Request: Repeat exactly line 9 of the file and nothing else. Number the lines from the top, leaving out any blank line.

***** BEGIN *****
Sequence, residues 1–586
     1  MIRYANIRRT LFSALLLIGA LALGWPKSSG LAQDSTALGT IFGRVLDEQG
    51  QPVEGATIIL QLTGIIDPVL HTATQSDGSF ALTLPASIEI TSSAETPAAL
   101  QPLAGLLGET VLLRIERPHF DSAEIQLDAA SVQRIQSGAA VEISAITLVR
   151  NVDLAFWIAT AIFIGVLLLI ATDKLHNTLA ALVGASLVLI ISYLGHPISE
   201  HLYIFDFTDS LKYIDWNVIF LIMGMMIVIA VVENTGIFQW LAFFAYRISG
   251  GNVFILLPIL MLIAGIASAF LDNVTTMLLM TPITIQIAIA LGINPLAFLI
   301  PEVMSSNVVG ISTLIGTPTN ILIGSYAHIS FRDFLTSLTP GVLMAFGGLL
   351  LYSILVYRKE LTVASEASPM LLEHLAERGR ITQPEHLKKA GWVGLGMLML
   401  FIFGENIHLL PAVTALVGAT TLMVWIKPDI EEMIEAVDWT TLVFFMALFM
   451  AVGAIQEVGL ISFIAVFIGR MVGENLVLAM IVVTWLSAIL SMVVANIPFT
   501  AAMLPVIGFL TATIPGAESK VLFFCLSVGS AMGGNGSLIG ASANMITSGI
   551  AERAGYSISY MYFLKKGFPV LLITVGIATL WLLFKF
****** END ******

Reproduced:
   351  LYSILVYRKE LTVASEASPM LLEHLAERGR ITQPEHLKKA GWVGLGMLML